Towards renal artery stenosis treatment

Renal artery stenting to open blockages in the kidney arteries may benefit patients who have historically been excluded from modern clinical trials, according to new recommendations for renal artery stenosis e-published in Catheterization and Cardiovascular Interventions today by the Society for Cardiovascular Angiography and Interventions (SCAI).

University Hospitals Case Medical Center's Sahil Parikh, MD, Director, Interventional Cardiology Fellowship Program and Professor of Medicine, Case Western Reserve University School of Medicine was the lead author on the paper that details possible assessment and treatment guidelines for renal artery disease.

Blockages in the kidney (renal) arteries are often asymptomatic, but may lead to or worsening of high . If left untreated, the disease can cause kidney failure and heart failure. Optimal medical therapy remains the preferred first-line treatment.

For patients whose condition is not controlled by medication, treating blocked arteries with angioplasty and stenting may help reduce blood pressure and prevent progression of the disease. Recent randomized controlled trials, including the Cardiovascular Outcomes in Renal Atherosclerotic Lesions (CORAL) trial, have failed to demonstrate benefit of renal stenting over optimal medical therapy. However, there were patients whose condition might be improved by renal artery stenting who were excluded from the trial.

"The CORAL trial answered many of our questions about renal artery stenting, but some patients who are seeking treatment today were not included in CORAL, including patients in whom optimal medical therapy failed," said Dr. Parikh. "The new recommendations were developed to help physicians evaluate treatment options for the broad range of patients with renal artery disease."

Based on an expert panel review of scientific data, the document recommends that patients most likely to benefit from renal artery stenting are those with cardiac disturbance syndrome or "flash" pulmonary edema (the rapid onset of fluid buildup in the lungs); patients whose high blood pressure has not been controlled by three or more medications at maximal tolerated doses; and those with blockages in both kidneys or severe blockages in a single functioning kidney where or cannot be managed medically.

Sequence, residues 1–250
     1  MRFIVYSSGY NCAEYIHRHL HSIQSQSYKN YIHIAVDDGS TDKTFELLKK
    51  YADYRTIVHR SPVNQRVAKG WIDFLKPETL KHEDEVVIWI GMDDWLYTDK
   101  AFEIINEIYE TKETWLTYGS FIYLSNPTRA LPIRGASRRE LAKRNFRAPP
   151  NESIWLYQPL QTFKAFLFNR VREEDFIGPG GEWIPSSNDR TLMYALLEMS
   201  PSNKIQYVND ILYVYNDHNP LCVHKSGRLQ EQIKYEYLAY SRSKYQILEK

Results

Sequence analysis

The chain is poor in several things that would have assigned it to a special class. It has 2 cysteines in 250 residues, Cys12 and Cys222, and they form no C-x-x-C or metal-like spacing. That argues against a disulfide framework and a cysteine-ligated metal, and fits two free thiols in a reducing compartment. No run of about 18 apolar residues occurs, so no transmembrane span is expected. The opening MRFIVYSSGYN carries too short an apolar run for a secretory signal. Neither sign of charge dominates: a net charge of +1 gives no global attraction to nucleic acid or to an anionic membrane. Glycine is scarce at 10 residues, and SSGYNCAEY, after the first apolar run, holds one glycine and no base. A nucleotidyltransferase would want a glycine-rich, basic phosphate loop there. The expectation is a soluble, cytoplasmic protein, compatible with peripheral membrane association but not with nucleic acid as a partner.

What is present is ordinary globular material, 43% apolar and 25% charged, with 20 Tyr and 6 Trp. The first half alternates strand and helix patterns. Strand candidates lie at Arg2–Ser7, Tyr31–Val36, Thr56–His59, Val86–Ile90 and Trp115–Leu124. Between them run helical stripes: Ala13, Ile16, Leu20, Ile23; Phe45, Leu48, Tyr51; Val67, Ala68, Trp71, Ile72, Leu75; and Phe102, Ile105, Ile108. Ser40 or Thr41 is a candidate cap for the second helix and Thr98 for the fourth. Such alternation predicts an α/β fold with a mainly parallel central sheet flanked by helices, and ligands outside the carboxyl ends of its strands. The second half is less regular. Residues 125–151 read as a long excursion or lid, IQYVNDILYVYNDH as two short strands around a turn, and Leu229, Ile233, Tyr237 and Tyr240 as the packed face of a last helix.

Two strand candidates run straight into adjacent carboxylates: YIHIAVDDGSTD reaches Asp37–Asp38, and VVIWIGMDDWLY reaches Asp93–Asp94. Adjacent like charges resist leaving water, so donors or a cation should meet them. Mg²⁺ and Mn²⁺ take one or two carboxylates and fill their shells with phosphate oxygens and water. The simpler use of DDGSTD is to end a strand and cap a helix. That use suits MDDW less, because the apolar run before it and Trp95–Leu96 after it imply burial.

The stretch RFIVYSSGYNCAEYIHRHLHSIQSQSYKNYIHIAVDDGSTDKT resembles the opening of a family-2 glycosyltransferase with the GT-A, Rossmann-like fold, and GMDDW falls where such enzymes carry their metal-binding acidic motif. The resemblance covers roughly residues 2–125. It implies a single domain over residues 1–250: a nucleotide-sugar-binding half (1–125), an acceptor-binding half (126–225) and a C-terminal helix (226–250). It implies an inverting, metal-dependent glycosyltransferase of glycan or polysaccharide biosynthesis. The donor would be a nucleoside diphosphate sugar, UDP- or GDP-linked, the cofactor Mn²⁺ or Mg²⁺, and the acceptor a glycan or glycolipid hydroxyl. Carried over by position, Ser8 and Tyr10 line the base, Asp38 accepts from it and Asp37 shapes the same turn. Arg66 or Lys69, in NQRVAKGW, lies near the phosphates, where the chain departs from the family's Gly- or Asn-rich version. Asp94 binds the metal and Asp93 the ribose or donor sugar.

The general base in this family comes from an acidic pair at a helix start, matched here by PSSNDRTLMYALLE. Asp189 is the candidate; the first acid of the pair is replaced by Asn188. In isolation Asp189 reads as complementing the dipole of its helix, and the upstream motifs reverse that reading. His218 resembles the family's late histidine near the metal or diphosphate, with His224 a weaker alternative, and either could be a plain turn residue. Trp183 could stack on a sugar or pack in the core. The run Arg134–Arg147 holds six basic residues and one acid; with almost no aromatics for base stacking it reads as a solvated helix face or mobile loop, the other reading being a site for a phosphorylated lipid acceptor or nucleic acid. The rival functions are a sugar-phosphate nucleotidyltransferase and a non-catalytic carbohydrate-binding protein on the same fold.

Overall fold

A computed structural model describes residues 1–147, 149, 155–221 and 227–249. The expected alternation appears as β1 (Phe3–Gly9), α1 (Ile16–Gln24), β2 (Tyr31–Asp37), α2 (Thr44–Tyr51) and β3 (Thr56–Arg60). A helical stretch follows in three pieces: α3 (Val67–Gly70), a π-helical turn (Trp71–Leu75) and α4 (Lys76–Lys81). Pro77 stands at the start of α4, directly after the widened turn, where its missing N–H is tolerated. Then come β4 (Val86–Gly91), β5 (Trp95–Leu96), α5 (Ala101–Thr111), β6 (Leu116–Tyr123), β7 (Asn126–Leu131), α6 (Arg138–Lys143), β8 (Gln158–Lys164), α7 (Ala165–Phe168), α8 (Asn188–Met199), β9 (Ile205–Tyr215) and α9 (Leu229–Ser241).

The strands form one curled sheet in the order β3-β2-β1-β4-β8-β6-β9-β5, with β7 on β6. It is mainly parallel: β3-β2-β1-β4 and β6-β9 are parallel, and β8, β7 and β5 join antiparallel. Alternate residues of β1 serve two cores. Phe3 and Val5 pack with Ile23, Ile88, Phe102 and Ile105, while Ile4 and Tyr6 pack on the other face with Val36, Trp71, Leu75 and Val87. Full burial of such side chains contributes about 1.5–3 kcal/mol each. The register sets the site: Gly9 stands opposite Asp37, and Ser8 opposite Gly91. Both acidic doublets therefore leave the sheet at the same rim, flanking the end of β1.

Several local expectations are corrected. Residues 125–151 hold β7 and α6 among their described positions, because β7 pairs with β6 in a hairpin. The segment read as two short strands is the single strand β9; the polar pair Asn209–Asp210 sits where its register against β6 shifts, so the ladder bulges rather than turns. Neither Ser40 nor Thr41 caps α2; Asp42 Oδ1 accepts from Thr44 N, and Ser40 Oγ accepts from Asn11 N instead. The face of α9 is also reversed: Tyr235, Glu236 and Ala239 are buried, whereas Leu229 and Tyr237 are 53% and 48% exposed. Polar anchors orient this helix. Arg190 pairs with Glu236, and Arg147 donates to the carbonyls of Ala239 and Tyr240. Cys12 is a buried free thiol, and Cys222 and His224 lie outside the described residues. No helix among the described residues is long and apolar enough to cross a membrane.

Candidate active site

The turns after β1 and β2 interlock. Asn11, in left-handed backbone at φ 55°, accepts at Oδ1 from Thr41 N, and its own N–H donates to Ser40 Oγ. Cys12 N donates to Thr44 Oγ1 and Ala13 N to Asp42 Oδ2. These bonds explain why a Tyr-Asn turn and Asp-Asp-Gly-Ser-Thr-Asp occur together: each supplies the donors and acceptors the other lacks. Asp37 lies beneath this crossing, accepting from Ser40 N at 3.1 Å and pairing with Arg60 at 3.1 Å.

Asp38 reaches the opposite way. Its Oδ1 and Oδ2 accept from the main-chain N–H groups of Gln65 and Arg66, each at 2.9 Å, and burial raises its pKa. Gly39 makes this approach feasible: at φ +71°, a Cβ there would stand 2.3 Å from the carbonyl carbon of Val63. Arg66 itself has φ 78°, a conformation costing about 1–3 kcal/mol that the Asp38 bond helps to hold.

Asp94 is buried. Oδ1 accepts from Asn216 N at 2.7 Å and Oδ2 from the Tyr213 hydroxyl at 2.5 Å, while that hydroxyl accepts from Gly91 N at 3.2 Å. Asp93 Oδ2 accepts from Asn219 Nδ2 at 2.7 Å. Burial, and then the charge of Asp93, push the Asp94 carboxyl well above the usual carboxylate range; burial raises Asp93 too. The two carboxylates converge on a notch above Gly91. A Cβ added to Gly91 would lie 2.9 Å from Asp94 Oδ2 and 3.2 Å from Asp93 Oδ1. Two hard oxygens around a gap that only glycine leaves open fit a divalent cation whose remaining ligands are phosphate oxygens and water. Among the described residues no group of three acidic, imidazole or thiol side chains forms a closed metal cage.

In contrast, the expert panel recommends that patients with mild or moderate blockages (less than 70 percent), those with long-standing loss of blood flow and those with complete blockage of the renal artery are typically not good candidates for renal artery stenting. It is unknown whether renal artery stenting can improve symptoms in patients with heart failure over the long term. In addition, the expert consensus statement reviews the evidence and expert opinion on the performance of renal artery angiography and intervention with stents. The panel delineates the best practices for assessing arterial narrowing that is intermediate (i.e. 50%-70%), which often does not limit blood flow.

"Most practicing physicians performing these procedures will find this guidance particularly helpful in assessing disease in the future," said Dr. Parikh.

The paper is the fourth in a series of recommendations developed by SCAI on treatment for peripheral artery disease (PAD). The incidence of PAD is growing, and the series aims to help interventional cardiologists determine the best course of treatment for patients whose blocked arteries place them at risk of reduced blood flow that can lead to loss of a limb or organ damage.

"As our understanding of PAD and its treatment options grows, physicians have the ability to improve symptoms and quality of life for many more today," said SCAI 2014-15 President Charles Chambers, M.D., FSCAI. "Our series of treatment recommendations is designed to help interventional cardiologists provide the best possible care based on each patient's individual symptoms and condition."

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